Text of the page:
The treatment of blebbistatin and dynasore had a marked effect on the morphology and fragility of cells (Figure 4 and Additional file 6: Figure S5). Inhibitor treatment altered the morphology of the cells’ cytoskeleton within 15 min to a more rounded cell type with projections (Additional file 6: Figure S5), which continued to increase over the 60 min treatment time. However, 24 hr after treatment was stopped, the cells regained their usual shape. This was enhanced by the fact there were no serum or attachment factors in the media and further the vehicle, DMSO, elicited a partial loss of actin cytoskeleton polymerization (Figure 4). The change in structural features in the fMSC with different treatments is illustrated in the schematic shown in Figure 4D. Where a monolayer of cells was less confluent, the inhibitor treatment had a more dramatic effect on morphology than areas with higher cell density (Figure 4A vs. B).When the cellular distribution of CXCR4 and Rab5 following blebbistatin treatment was assessed by microscopy, there was little change in the size or distribution of the endocytotic vesicles, or in the number of CXCR4+ endosomes (Figure 5).

thumbnailFigure 4. Endocytosis inhibitors disrupt the actin cytoskeleton of fMSC. The morphology of the actin cytoskeleton was visualized with Alexa 568-conjugated phalloidin after incubation for 1 hr in serum-free (treatment) media, or treatment media + vehicle, blebbistatin or dynasore. A) Cells at high confluence are less prone to cytoskeletal change, whereas cells at lower confluence are impacted more by inhibitors (B and C shows enlargement of key regions of B). D) A schematic illustration of C, showing actin filaments as white lines, the outline of each cell as a red line, and membrane ruffles as blue lines or spots. A normal, filamentous actin cytoskeleton is seen in fMSC with treatment media. Treatment with vehicle (DMSO) has some impact on cytoskeletal integrity, with the partial loss of long actin filaments in most cells. Blebbistatin and dynasore treatment dramatically disrupts the actin cytoskeleton in most cells. The cells develop membrane ruffles, neural-like projections and begin detaching from the culture dish (x40 magnification).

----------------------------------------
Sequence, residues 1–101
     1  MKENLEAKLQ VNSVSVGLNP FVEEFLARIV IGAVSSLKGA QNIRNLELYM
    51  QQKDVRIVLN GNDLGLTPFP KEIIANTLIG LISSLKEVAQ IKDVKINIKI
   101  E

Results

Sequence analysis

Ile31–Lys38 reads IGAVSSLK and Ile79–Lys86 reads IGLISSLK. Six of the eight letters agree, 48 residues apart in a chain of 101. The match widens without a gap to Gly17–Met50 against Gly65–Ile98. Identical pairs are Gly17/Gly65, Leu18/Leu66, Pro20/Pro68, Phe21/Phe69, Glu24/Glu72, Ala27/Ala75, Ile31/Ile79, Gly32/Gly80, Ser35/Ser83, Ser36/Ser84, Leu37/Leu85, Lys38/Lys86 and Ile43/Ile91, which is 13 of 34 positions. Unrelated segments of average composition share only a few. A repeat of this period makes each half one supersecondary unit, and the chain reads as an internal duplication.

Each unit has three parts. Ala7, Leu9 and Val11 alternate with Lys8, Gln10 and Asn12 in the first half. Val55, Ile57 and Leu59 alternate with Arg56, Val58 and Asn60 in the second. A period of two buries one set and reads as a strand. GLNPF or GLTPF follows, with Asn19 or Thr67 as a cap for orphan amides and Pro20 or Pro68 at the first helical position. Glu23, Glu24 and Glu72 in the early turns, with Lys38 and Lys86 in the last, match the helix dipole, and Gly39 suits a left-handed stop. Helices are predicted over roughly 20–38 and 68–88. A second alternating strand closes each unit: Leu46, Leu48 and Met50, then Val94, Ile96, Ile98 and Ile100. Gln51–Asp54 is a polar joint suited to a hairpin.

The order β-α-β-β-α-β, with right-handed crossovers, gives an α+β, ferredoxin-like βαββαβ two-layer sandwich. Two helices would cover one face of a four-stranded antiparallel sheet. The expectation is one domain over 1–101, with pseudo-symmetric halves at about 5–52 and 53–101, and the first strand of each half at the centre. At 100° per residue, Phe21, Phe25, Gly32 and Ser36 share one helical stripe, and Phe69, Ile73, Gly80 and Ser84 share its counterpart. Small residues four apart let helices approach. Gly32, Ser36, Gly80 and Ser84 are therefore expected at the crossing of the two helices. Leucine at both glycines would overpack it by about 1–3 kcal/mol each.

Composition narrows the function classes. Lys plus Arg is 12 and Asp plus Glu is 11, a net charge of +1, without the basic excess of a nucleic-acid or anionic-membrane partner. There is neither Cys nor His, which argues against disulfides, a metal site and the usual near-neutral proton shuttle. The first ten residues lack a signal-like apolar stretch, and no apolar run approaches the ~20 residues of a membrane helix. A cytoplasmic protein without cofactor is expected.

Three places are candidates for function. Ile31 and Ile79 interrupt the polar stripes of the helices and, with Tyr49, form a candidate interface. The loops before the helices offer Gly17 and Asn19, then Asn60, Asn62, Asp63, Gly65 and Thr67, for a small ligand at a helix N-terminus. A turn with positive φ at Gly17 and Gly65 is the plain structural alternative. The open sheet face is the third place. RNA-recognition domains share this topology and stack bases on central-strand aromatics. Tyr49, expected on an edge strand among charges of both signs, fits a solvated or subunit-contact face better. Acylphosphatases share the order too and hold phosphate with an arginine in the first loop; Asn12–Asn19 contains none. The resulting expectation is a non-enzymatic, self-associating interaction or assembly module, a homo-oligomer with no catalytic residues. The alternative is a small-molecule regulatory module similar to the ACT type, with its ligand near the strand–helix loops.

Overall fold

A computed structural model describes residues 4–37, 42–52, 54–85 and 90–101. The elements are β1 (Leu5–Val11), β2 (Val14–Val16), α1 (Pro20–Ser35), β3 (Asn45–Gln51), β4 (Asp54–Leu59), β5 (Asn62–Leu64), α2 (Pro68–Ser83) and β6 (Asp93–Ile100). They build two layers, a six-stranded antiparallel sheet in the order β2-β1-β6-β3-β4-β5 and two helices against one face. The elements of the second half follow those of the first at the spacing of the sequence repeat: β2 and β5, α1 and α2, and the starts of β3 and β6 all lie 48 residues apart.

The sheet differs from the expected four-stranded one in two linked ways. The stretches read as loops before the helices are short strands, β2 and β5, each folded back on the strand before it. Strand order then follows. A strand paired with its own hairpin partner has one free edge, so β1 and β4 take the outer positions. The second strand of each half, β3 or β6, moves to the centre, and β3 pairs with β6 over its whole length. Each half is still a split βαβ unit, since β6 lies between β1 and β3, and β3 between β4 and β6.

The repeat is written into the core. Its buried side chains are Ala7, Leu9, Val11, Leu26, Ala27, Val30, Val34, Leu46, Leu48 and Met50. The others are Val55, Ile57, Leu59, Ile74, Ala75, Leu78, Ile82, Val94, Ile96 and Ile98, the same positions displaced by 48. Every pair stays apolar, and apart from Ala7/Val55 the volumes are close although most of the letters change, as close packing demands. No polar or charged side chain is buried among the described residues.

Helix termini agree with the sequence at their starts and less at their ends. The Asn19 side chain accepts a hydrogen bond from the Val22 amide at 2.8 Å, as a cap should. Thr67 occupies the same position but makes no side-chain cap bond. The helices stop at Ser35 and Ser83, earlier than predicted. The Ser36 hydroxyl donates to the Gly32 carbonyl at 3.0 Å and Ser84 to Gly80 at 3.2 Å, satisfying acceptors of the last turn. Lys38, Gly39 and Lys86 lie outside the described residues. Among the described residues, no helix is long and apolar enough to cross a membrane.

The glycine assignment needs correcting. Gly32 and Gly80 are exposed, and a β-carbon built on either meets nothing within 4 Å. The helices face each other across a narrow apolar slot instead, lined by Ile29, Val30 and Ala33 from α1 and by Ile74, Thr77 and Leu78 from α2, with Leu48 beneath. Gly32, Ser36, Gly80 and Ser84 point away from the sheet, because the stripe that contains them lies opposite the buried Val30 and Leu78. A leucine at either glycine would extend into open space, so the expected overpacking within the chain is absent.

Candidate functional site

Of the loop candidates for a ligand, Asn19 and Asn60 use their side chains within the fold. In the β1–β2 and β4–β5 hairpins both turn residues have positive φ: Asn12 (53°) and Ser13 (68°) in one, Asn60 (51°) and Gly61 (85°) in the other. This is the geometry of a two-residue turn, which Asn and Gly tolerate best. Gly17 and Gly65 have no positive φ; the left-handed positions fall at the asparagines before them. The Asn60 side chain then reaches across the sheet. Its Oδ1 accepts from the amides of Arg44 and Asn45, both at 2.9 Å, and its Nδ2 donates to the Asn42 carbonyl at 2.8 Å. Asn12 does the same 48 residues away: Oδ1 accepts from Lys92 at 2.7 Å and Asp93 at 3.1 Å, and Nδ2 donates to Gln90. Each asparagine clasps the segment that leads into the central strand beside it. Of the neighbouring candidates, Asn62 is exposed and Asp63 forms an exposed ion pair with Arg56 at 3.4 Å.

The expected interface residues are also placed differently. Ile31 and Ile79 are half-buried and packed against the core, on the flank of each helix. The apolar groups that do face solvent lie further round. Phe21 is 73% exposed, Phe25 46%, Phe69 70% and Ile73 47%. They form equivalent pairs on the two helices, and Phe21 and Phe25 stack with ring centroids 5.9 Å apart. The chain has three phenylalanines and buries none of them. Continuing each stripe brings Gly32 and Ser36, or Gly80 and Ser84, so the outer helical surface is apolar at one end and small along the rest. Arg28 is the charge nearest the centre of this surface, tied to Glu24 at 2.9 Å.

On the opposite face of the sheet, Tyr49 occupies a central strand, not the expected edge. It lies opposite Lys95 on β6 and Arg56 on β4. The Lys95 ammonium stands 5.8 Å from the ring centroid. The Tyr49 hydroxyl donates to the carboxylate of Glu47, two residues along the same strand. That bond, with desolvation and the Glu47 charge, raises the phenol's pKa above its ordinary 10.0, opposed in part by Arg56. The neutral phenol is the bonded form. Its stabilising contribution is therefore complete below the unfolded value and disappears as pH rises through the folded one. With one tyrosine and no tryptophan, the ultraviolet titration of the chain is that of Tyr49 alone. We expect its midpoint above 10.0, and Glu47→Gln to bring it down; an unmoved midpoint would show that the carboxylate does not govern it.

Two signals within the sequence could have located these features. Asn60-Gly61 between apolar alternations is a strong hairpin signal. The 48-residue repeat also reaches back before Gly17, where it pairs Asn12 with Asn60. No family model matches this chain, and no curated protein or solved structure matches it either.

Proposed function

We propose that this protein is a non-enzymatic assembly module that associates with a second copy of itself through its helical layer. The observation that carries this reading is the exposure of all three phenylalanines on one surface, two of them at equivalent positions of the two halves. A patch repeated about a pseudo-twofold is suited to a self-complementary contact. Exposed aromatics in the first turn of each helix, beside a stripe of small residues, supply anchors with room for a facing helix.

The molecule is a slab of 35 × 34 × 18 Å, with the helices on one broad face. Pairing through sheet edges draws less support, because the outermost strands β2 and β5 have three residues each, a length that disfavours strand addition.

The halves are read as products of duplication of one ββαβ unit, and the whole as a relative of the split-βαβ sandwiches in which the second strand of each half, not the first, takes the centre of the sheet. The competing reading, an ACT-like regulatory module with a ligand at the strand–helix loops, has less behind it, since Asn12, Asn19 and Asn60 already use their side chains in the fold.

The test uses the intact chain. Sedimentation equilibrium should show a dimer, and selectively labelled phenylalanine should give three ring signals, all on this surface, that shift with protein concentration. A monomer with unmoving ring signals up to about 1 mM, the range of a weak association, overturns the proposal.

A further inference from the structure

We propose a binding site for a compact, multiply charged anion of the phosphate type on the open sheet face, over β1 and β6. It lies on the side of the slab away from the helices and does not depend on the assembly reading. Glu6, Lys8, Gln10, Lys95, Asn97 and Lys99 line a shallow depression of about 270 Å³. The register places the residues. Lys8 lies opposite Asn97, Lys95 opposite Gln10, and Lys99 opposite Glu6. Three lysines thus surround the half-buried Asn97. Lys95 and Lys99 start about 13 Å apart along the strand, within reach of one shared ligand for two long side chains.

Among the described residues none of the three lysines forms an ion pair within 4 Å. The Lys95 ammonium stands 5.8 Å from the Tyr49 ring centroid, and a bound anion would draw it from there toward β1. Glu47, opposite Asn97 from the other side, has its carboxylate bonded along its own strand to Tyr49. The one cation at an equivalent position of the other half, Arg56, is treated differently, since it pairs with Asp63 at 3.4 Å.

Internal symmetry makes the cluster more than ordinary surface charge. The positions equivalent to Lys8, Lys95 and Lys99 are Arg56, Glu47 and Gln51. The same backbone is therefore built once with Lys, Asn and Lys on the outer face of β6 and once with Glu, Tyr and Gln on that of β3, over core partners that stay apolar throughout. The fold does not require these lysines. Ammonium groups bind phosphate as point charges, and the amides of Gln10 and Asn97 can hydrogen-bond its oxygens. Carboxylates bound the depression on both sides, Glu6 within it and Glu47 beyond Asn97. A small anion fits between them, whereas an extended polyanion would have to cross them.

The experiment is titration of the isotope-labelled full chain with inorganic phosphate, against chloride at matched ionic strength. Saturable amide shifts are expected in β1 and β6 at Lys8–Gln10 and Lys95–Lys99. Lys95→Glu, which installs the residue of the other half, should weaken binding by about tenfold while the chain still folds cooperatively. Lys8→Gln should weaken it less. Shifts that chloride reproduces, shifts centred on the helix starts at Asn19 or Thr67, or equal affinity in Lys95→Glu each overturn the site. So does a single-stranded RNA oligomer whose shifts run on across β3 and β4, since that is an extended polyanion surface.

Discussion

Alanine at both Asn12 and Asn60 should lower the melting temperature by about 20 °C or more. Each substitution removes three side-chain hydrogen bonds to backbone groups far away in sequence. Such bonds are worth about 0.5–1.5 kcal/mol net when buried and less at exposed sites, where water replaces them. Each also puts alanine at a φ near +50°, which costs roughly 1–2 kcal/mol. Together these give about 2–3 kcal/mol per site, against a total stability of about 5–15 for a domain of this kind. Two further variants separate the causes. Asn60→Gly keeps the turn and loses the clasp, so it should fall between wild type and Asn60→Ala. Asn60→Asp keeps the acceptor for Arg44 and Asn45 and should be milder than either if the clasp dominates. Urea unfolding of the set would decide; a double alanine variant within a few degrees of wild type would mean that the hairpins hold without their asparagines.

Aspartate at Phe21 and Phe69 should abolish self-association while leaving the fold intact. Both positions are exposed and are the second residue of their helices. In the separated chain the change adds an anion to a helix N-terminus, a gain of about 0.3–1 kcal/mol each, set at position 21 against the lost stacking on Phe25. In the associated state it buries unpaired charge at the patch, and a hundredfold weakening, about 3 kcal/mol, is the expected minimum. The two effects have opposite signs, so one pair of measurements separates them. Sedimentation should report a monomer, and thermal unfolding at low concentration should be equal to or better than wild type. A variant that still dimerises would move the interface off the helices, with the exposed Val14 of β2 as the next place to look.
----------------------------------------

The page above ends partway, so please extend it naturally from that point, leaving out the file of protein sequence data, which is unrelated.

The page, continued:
thumbnailFigure 5. Blebbistatin does not dramatically alter the morphology of CXCR4 positive endosomes. The cellular distribution CXCR4 without (A) and with blebbistatin treatment (B). C) Rab5 distribution with blebbistatin (80 μM, 1 hr). There was little change in the size or distribution of the CXCR4+ or endocytotic vesicles, despite a change in actin cytoskeleton stained with phalloidin (red, A vs. B and C). However, there was a qualitative increase in the amount of staining endosomes trapped throughout the cytoplasm in cells treated with blebbistatin (A vs. B).

Partial inhibition of endocytosis does not adversely affect directional migration and can augment CXCR4 function